Fort Wayne courthouse’s stained glass dome undergoes repairs

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Art Femenella's job is all about defying gravity.

Wednesday afternoon, that was apparent as a crew of three attached cables to a 20-foot-long, 200-pound stained-glass panel and hoisted it more than 100 feet from the lobby to the top of the interior dome of the historic Allen County Courthouse.

But what might not have been apparent is that gravity also was reason the panel – and 19 others like it – were removed in January so they could be restored by Femenella's business.

After spending nearly a century adorning the apex of the courthouse ceiling, the panels had begun to suffer from a phenomenon known as deflection. The condition results from gravity invisibly acting on the lead holding the glass in place.

Though it seems solid, the lead is actually malleable, Femenella explained. It stretches and shifts – deflects – over time, he said, and that can compromise the whole panel's structure.

As deflection progresses, shards of glass can come loose. If a piece were to fall to the lobby floor, "it could literally kill someone," Femenella said.

Yeah, gravity can do that.

Femenella, who has been in the business of stained-glass restoration for 44 years, knows quite a bit about the physical forces behind his craft.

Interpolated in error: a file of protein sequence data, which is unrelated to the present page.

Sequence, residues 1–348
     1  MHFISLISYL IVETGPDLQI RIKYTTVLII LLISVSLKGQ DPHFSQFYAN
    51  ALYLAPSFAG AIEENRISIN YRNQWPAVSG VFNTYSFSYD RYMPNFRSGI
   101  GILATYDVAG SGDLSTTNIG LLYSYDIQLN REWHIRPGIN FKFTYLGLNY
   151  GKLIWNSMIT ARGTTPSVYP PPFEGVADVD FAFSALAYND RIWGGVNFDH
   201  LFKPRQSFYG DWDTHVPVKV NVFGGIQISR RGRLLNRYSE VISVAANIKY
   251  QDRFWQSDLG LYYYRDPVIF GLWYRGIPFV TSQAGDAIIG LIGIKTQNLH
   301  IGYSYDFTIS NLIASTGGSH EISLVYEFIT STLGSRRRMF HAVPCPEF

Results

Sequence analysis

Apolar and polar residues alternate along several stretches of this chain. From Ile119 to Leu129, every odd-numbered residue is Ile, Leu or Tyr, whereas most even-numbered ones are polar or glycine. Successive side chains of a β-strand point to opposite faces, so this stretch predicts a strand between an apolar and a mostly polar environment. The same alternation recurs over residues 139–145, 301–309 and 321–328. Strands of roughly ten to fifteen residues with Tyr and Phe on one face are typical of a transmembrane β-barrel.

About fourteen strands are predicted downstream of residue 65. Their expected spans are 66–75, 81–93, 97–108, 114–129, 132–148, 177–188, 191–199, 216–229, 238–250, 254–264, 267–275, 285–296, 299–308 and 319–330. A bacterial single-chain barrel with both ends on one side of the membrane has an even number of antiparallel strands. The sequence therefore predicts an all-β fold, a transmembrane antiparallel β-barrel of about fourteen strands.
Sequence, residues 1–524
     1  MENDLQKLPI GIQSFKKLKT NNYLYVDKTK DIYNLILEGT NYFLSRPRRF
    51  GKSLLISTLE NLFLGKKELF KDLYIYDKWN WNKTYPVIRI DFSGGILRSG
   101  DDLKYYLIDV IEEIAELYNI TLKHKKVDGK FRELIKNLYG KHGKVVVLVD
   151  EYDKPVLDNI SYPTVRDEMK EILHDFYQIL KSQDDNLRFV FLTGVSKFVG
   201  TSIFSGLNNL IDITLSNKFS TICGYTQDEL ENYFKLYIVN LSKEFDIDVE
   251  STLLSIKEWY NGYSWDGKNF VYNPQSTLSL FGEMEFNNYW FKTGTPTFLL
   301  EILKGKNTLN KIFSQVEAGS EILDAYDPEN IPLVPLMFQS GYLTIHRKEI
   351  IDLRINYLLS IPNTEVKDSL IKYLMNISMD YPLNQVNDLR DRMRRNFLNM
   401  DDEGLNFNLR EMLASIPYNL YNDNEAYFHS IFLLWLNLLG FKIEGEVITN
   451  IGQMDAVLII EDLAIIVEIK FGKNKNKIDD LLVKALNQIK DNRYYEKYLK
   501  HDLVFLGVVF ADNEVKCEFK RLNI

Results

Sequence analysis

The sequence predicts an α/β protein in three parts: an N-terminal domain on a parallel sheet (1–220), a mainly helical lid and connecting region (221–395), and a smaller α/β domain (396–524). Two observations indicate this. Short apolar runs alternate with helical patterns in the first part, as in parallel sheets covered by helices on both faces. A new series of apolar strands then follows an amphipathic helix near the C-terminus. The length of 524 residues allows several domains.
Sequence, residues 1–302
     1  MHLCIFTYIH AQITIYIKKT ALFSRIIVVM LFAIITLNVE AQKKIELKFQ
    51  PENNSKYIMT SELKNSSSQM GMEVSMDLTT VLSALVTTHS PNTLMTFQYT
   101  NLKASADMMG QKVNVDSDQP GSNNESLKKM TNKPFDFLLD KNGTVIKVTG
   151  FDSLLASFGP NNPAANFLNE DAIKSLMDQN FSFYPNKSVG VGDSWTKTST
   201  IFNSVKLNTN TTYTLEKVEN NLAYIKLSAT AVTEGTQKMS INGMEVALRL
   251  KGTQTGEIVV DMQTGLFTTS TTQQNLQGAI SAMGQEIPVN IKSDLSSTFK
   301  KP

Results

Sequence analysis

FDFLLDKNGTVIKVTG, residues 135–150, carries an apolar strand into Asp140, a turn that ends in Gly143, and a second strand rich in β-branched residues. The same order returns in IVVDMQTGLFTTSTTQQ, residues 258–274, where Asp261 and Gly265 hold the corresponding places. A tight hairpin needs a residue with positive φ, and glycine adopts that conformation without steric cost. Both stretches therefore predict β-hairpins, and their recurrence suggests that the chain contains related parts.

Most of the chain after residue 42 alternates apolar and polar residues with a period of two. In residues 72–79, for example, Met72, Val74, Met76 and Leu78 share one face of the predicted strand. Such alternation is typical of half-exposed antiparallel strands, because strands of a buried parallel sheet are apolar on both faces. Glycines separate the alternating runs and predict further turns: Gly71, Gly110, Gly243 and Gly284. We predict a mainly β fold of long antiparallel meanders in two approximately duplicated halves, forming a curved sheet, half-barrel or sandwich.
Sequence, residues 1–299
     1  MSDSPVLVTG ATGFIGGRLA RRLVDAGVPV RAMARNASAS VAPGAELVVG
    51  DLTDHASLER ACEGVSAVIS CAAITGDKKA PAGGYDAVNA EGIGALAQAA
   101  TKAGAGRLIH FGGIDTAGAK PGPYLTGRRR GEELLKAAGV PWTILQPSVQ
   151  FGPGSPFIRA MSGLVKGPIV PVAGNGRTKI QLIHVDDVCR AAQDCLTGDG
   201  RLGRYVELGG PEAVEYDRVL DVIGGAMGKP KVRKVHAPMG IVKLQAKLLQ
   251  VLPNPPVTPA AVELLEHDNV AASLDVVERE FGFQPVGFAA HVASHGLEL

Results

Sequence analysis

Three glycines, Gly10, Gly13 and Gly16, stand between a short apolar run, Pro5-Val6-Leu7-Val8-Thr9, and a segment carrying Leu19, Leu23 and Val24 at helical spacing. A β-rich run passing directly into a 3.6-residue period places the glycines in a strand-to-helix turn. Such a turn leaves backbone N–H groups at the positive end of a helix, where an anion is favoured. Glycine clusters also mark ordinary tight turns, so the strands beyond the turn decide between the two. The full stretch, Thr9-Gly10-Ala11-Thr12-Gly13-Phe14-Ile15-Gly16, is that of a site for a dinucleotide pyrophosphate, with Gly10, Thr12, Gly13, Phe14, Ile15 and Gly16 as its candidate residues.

He was majoring in physics at the City College of New York when he went to a craft fair and became entranced by stained glass.

Physics suddenly "didn't excite me," he said. So, instead of graduating, Femenella "went around New York City knocking on doors" to get a foothold in the field of stained glass – soon finding out his background was unusual.

"Most people working with stained glass come at it from an art background," he said. But knowing science has helped him earn work on many large and prestigious projects, including the restoration of the U.S. Capitol in Washington.

"It was really his resume that got us to hire him," said Robyn Zimmerman, executive director of the Allen County Courthouse Preservation Trust, which oversees the ongoing restoration of the Beaux Arts-style building dating to the turn of the 20th century.

Femenella and his company, Femenella & Associates of Branchburg, New Jersey, came highly recommended by other preservation contractors who had worked on the courthouse, she said.

Zimmerman said the stained-glass panels were not leaking – they are not exposed to the elements because there is an attic-like space above them. Other parts of the courthouse, including exterior clock faces, have had recent water damage, she said.

But maintenance workers and trust officials had noticed they could see through cracks in the panels, she said.

Femenella said the panels are made largely from opalescent glass, a technique dating from the 1870s that produces translucent glass with a marble-like appearance. The panels also are studded with large glass beads known as jewels, he said.

Replacing the panels, which also were reinforced as part of the restoration, began Monday and should be finished by the end of the week, he said.

Femenella called the courthouse impressive.

"It's amazing," he said. "Everything is big. Everything is decorated. This is one of those cases where more is more."

He added he's happy to make a preservation contribution – one that should last 50 or 60 years.

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